(CNSNews.com) - Former Director of National Intelligence James Clapper told CNN Monday night that getting a transcript of President Trump's July phone call with the new Ukraine president "may not be such a great thing."
"You know, I hate to suggest this, but it's crossed my mind that even if we got a transcript, well, can we be assured that's actually what was said? So getting a transcript may not be such a great thing, either."
President Trump has said he may consider releasing a transcript, although he and others say it might have a chilling effect on future conversations between a president and foreign leaders, if they're afraid to speak candidly.
In his interview with CNN's Chris Cuomo, Clapper said it's important to learn the "actual content" of the whistleblower's complaint.
There's all the media hype about what it's about, but we don't actually know that. And I think that's very important to know the content of that because this was actually -- this was done, submitted by a mature, seasoned employee, not some junior person.
Moreover, the I.G. of the -- the inspector general of the intelligence community found it credible and urgent. This is an appointee of this administration, Senate confirmed and all that. So that to me attaches importance to the actual content of the complaint.
You know, I hate to suggest this, but it's crossed my mind that even if we got a transcript, well, can we be assured that's actually what was said? So getting a transcript may not be such a great thing, either.
Clapper said in the six-and-a-half years he served as President Obama's DNI, "I never thought I actually had the option to refuse to forward a valid, credible whistleblower complaint. And I also don't recall one being submitted that was characterized as my I.G., my inspector general, as urgent.
"So I'm sympathetic to Joe Maguire, the acting DNI, I think he's got caught up in the politics of this," Clapper said. "And it's true that the office of legal counsel in the DOJ is supposed to be the final arbiter about legal issues across the executive branch.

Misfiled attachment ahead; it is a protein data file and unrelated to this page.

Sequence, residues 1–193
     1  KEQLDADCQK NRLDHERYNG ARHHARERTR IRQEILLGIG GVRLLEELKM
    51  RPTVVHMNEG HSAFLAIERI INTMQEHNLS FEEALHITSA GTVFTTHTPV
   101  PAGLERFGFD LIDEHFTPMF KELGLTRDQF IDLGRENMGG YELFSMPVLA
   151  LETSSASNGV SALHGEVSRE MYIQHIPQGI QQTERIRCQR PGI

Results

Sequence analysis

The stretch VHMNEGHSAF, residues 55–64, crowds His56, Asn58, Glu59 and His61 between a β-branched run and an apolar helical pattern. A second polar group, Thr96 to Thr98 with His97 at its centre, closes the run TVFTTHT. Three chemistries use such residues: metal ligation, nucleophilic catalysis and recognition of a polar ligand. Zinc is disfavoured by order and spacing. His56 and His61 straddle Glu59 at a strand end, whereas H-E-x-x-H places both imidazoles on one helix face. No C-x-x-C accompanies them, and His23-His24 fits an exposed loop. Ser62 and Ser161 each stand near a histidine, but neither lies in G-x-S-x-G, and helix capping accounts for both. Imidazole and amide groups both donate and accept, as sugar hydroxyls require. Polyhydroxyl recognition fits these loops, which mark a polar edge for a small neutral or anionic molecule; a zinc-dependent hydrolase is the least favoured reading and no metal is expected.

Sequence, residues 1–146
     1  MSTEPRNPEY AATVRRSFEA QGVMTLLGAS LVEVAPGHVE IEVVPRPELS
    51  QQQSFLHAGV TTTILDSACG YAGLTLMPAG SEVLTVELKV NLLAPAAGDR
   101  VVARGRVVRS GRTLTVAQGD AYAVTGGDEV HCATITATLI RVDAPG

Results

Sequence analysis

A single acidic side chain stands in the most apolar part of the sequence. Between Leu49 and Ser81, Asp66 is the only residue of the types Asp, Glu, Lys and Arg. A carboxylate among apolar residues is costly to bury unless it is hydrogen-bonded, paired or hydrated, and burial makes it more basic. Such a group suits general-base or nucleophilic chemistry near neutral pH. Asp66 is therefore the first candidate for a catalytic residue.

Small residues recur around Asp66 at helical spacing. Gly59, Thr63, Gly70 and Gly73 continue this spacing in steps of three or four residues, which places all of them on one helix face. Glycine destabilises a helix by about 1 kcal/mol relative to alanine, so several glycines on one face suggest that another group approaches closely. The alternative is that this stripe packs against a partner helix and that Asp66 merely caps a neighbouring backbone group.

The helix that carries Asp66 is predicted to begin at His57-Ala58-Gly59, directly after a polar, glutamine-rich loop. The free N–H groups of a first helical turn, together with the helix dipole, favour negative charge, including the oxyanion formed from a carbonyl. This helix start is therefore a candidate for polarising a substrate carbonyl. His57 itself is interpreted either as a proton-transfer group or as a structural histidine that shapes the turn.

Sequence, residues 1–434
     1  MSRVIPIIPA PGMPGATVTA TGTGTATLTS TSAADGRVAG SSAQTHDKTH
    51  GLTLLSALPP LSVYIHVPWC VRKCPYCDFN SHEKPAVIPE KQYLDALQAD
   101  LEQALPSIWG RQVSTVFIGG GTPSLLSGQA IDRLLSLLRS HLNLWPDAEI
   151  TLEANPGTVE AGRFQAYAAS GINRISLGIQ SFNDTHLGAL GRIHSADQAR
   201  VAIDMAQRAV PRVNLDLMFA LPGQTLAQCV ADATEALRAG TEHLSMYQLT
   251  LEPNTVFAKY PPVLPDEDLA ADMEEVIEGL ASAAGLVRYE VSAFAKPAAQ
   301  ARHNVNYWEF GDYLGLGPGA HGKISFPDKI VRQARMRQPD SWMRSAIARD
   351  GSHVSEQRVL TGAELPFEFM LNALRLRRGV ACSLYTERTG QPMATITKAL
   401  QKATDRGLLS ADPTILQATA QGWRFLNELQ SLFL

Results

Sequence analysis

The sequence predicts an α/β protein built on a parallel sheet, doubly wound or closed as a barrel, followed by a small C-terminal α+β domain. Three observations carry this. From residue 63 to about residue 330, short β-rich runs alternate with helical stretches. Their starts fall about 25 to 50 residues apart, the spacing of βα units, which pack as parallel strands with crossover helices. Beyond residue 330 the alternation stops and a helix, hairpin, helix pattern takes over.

"But the point for me, the bigger point here, is the observation of wrongdoing. And this employee attempted to use the prescribed-by-the-Congress procedure for protecting classified information, potentially sensitive information, and also protect himself or herself. And I really worry about the employee because that person now is kind of hanging out there in limbo.
"So for me, I never had a case that was characterized as urgent by my inspector general, and I never interrupted or in any way delayed, in the interest of transparency, the processing of a whistleblower complaint that came up during my tenure."
Even if President Trump didn't say anything about withholding military aid in his phone call with the Ukrainian president, "It is certainly implied," Clapper opined.
"Even if he didn't, if there wasn't a direct connection here, it certainly is implied. And, you know, whether there was a direct discourse here where, you know, if you don't do something about investigating former Vice President Biden, you're not going to get the aid, I don't think it was -- I doubt it was that overt."
This prompted Cuomo to ask Clapper a very interesting question, in light of claims that the Obama intelligence community used foreigners to spy on Trump campaign volunteers:
"Have you ever heard of the U.S. Government asking another government to investigate its own citizens?" Cuomo asked Clapper.
"No. I don't know of a case. Certainly in my incumbencies in the intelligence business, I can't recall a case of that, Clapper replied."
Clapper said any concerns about what a government official was doing in another country should be examined "internally. You know, with our own investigatory apparatus, not ask another country...to go investigate. On its face, it's kind of ridiculous," Clapper added.